staff in remote locations. The visual communication system offers high-quality sound, visuals, a strong connection and easy-to-use programmes. It offers content sharing and the option of closeup views with a sub camera. The advances seen in a range of projectors available continue to stretch further away from the loud oversize machines they once were. Projectors are continuing to get smaller, brighter and while more complex, they are very simple to use. The APRIL 2011 | 43


portable aspect of projectors now sees them small enough to fit in a notebook computer bag, while the need for wires is no longer an issue. Epson has recently released the thinnest 3000 lumen 3LCD projector on the market, which stands just 25mm high. Nika Maltseva, marketing manager at Epson, says the need for brighter, smaller and better resolution projectors sees its Epson EB-1700 series leading the way. “Brighter projectors allow you to run your presentation in a room with lots of ambient light. The small size makes it a flexible and portable solution while better wide screen resolution will assist with projecting detailed images from your laptop [WXGA resolution],” says Maltseva. The range of projectors is user friendly, with automatic vertical keystone correction, auto detection of RGB/ component connections and projection in native WXGA widescreen format, allowing presentation designed on a laptop to display in full size without the edges missing. The EB-1700 range eliminates the often unprofessional and complicated problem of multiple cables with an 802.11b/g/n wireless network and the ultra-short throw designs can be mounted within 60 centimetres of the wall and therefore reduce eye glare and shadows. The series conforms to the European Directive on Eco-Design, which is aimed at improving the environmental performance of energy-related products. Panasonic’s latest range of business projectors also comes fitted with the latest technologies. Boasting a dual 355 watt lamp it is capable of producing 10,600 lumens of brightness. New dynamic iris technology does not affect this brightness despite offering a scenelinking aperture mechanism to achieve an impressive 10,000:1 contrast. The projector has an auto cleaning filter and network function which allows users to control and monitor multiple projectors at the same time over a wired LAN. 44 | | APRIL 2011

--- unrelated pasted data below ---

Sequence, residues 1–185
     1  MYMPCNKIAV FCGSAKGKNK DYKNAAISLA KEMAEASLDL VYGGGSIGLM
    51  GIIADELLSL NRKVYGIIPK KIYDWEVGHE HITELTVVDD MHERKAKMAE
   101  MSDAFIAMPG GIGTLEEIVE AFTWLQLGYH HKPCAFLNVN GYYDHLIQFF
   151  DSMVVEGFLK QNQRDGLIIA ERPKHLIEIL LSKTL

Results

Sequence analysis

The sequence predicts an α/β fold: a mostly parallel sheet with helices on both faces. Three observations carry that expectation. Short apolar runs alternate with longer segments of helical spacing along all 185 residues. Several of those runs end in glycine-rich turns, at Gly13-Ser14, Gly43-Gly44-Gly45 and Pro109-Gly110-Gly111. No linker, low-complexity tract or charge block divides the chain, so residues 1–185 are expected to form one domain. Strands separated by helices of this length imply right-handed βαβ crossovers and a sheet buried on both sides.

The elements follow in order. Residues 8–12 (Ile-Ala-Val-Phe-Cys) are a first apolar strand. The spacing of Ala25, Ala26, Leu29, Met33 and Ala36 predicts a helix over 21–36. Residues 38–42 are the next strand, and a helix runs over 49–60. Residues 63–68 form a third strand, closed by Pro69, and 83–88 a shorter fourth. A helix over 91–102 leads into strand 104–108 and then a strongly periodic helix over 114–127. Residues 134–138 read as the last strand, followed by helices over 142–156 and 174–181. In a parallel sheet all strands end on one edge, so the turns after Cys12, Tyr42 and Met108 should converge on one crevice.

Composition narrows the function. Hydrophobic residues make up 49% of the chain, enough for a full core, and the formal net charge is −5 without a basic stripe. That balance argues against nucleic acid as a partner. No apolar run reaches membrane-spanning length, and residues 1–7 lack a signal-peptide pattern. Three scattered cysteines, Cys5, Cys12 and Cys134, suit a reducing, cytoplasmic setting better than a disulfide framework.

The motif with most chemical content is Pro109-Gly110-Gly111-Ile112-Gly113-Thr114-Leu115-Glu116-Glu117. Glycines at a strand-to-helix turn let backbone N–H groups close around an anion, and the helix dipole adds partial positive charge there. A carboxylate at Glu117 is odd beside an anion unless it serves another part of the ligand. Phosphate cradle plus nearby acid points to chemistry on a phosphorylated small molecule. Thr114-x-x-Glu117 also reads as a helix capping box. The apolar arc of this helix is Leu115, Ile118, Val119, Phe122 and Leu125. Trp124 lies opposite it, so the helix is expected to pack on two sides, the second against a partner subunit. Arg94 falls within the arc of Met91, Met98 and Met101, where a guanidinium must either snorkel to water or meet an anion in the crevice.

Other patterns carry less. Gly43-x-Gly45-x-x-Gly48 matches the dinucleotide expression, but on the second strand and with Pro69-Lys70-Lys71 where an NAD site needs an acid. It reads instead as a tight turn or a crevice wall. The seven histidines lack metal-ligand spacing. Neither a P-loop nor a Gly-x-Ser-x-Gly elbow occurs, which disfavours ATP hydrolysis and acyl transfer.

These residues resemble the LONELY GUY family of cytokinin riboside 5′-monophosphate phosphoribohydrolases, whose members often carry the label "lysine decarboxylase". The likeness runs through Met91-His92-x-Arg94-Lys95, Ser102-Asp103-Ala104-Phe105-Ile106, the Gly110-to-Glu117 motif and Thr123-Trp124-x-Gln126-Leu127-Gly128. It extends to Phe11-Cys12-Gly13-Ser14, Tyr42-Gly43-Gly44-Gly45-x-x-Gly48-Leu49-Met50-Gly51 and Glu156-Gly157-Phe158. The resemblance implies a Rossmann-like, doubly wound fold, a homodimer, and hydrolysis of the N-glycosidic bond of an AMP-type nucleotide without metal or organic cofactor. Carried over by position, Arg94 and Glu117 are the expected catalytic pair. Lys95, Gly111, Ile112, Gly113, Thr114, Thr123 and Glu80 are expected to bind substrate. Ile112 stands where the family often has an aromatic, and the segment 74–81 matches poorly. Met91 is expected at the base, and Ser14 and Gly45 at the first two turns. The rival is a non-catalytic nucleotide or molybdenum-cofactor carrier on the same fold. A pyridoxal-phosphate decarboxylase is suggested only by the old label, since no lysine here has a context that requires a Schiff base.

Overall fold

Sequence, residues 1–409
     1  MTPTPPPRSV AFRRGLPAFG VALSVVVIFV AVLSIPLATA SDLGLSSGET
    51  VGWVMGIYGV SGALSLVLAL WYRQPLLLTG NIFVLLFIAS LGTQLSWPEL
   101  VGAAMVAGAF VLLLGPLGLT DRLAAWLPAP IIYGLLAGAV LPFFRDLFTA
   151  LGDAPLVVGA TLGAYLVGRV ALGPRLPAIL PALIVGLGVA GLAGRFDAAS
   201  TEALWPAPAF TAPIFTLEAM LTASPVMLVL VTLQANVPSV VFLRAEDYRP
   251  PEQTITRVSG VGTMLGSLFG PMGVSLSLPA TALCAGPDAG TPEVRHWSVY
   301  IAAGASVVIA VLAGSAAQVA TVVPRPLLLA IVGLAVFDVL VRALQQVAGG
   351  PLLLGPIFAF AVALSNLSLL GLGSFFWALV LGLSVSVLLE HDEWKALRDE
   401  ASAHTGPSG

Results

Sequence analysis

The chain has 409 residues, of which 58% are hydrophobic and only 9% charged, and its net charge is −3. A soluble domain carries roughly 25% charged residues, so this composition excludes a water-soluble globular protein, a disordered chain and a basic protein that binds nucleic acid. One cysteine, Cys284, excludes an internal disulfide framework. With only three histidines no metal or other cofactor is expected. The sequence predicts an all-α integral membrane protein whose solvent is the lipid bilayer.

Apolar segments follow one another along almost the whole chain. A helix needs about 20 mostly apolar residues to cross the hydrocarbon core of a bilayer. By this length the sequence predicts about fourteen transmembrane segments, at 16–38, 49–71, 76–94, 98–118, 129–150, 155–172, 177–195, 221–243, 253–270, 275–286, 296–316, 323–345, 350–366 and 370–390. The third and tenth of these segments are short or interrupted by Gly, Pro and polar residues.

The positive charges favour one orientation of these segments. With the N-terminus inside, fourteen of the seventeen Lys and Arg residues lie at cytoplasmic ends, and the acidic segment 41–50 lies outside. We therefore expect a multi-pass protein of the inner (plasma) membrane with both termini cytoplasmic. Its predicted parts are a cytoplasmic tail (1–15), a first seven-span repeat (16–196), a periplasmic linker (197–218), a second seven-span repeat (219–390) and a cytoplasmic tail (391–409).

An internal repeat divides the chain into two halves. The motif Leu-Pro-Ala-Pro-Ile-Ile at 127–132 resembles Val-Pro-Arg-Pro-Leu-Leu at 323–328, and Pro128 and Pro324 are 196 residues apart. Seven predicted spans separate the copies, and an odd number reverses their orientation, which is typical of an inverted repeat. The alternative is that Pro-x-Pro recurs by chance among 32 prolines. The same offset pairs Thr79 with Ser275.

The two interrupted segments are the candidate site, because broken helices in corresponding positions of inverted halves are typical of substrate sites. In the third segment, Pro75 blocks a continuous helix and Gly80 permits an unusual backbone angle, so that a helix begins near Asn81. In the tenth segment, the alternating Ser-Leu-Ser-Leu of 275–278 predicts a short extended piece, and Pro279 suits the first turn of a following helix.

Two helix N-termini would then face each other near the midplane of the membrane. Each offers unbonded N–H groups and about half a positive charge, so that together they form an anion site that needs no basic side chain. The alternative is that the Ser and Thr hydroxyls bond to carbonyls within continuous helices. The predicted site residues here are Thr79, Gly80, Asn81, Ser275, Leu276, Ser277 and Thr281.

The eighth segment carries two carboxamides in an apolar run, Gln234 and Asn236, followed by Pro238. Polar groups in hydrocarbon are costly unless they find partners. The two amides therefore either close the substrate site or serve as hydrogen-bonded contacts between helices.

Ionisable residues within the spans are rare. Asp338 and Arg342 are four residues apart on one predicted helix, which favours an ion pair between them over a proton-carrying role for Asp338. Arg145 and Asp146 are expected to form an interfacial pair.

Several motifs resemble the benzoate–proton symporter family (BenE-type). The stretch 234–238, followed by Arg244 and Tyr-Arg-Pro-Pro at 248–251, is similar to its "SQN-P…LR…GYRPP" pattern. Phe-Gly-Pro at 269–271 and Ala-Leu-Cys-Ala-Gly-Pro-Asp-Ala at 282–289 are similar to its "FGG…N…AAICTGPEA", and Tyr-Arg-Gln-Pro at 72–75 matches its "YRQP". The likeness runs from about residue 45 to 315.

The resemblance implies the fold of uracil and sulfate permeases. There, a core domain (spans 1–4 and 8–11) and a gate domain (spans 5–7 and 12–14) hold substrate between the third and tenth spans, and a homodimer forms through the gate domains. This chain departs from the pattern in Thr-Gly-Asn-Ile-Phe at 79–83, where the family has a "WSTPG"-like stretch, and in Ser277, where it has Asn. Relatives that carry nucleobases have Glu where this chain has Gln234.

As a technology interactive whiteboards have been around since the early 1990s. Now they combine your computer, projector and whiteboard for a truly interactive working, training or learning environment. Again they are now designed with ease of use as a key marketable point, so the ability to use both pens and fingertips is a must. Users have the ability to create a screen shot of board

Panasonic UB-T880 Interactive WhiteBoards

work, and many products collaborate with programs that allow them to edit and save their work for later distribution. The two versions widely available are the interactive boards and the boards for flat panel display – an overlay that attaches to a plasma display or LCD panel. The SMART board 680, released through Canon, has kept the classic whiteboard design but touts some of the latest developments in related technology. Without having to use buttons or on-screen menus users can write with a pen, erase with their hand and move images with a fingertip. They are able to write with either the digital ink pens or fingers. The Panaboards from Panasonic

are a similar product offering both colour and black and white versions. The Slim Design Standard Panaboard has an endless screen design, simple data display and editing functions, long-term storage and thermal paper output to help with cost cutting. Presentation technology is trending towards interactive, cost-saving, highquality solutions that are unobtrusive and flexible. Value for money will be found in good quality office presentation equipment with staff increasing their use for both internal and external presentations, and enabling productivity with no time lost travelling to meetings. M Libby Gudmundsson is an Auckland-based journalist.